Beacon Lesson Plan Library

The Secrets Photos Keep

Cynthia Youngblood
Santa Rosa District Schools


Students examine family photos to find hidden clues, answering questions about the photos and writing essays on how photos can be a powerful tool in helping them learn about the past and unearth critical truths.


The student selects and uses appropriate pre-writing strategies, such as brainstorming, graphic organizers, and outlines.

The student drafts and revises writing that: is focused, purposeful, and reflects insight into the writing situation; has an organizational pattern that provides for a logical progression of ideas; has effective use of transitional devices that contribute to a sense of completeness; has support that is substantial, specific, relevant, and concrete; demonstrates a commitment to and involvement with the subject; uses creative writing strategies as appropriate to the purpose of the paper; demonstrates a mature command of language with precision of expression; has varied sentence structure; and has few, if any, convention errors in mechanics, usage, punctuation, and spelling.

The student understands that works of art can communicate an idea and elicit a variety of responses through the use of selected media, techniques, and processes.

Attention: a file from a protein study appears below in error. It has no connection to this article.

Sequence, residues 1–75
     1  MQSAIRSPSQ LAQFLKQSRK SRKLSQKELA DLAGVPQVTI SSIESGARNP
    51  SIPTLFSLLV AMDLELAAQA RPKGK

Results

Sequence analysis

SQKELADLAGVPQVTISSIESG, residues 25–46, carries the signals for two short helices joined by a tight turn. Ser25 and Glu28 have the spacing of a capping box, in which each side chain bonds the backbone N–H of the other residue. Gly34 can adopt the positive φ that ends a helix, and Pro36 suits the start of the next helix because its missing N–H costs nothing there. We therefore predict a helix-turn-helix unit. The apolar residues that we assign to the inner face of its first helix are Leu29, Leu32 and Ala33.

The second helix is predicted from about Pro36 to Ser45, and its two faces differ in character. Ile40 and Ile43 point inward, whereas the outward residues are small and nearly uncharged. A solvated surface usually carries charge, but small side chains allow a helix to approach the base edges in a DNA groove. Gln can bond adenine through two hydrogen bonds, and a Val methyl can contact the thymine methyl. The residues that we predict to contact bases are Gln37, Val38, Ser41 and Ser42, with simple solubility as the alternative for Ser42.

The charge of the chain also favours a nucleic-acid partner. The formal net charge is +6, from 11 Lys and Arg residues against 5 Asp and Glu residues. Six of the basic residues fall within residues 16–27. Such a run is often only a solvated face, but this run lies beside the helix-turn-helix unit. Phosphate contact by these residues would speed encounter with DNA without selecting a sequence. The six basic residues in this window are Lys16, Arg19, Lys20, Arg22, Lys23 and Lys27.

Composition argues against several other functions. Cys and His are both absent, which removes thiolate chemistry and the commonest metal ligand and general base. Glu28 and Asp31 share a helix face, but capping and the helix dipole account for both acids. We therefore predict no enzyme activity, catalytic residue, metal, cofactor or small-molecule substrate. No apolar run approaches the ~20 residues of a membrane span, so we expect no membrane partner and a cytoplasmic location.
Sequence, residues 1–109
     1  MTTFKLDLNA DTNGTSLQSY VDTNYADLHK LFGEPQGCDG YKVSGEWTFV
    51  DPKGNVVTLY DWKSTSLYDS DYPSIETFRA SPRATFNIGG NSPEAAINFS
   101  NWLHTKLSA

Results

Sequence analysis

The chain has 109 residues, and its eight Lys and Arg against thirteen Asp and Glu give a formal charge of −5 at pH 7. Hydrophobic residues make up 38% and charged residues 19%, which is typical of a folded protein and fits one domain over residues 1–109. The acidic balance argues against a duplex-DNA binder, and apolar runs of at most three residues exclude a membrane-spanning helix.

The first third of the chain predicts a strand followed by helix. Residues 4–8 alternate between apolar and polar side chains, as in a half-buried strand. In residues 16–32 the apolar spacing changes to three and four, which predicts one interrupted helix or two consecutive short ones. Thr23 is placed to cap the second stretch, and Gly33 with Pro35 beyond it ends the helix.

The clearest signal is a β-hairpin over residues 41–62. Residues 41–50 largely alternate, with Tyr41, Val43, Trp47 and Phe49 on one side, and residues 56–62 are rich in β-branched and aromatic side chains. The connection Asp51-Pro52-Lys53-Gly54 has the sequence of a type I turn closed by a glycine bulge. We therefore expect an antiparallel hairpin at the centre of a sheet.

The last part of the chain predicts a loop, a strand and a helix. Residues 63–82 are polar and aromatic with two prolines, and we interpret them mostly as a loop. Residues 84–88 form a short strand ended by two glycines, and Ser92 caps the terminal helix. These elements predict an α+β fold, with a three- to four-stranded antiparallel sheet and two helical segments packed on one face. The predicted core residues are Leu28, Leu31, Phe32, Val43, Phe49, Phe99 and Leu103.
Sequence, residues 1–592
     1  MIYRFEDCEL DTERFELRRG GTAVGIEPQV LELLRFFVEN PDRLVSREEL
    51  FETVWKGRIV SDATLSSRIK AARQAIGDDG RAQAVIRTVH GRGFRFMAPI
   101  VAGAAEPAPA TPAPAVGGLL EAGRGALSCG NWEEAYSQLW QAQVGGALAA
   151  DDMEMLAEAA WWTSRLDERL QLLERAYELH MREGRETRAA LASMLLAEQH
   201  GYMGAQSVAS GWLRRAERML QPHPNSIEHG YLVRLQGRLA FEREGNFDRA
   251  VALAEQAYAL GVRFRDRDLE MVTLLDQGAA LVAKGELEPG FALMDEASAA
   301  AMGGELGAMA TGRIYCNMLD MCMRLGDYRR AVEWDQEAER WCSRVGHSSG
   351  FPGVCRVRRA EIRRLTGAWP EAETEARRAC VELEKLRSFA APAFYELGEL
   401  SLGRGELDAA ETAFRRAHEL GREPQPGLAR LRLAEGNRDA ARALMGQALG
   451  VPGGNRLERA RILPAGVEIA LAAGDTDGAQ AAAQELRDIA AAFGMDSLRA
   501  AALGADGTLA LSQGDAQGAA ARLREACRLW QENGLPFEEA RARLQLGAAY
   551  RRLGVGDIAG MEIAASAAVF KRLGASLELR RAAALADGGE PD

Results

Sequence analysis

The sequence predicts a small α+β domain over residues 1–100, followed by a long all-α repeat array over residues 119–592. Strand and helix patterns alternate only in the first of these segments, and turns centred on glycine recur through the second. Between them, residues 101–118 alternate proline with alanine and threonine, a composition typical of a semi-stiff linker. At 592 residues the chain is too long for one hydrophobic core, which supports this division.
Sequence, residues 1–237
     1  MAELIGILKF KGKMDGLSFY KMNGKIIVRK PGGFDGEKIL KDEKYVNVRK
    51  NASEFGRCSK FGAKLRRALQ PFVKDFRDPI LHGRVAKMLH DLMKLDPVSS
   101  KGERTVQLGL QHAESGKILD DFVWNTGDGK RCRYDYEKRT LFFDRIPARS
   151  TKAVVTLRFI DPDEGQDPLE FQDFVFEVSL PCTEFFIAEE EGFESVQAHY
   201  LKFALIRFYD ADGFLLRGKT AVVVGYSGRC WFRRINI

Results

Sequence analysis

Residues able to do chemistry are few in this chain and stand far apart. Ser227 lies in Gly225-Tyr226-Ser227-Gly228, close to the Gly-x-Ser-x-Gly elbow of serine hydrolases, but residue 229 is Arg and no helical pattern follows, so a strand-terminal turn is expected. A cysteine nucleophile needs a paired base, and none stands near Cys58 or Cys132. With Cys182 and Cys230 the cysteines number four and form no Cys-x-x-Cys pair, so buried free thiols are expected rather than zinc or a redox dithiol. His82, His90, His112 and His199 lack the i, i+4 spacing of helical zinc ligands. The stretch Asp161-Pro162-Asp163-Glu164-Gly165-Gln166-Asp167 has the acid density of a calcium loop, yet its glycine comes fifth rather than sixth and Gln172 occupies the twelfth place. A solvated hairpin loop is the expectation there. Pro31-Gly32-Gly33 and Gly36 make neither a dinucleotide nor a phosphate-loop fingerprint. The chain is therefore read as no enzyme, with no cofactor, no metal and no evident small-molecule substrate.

-Pens or pencils
-Paper for each student
-Teacher’s personal family photos (to show as model photos)
-Photos of famous families from magazines or books (to show as model photos)
-Students’ family photos
-Handout: The Secrets Photos Keep (one per student)


1. Gather personal family photos to use as models or samples for students' essays.
2. Find famous family photos from magazines, books, or websites.
3. Look at suggested WebLinks.
4. Make copies of the handout The Secrets Photos Keep for each student. (See attached file.)
5. Make copies of Evaluation Form: Florida Writing Rubric Scale for each student. (See attached file.)


1. Tell students that today they will study photos of famous families and search for hidden clues in those snapshots. Tell students that their family photos that may be in an old shoebox in the back of a closet may reveal more than legendary fashion sense.

2. Show them teacher-selected famous family photos from magazines, books, or websites. You may also show the students some of your own personal family photos. Tell students that when people look at photos in depth, intense memories often start spilling out. Sometimes those memories are overwhelming and change the way we see the past.

3. Ask the students some of the following questions about your selected photos of famous families and your personal family photos:
(1) What do you feel when you look at the photo? Curiosity? Joy? Sadness because someone in the picture is no longer alive? Note the feelings that arise.
(2) Consider who’s taking the picture. What is the interaction between this person and the subjects? Who is making eye contact with the camera clicker? Is the photographer trying to structure what’s going on? (You can’t structure intimacy. The photographer can’t make you look comfortable being together if you feel awkward.)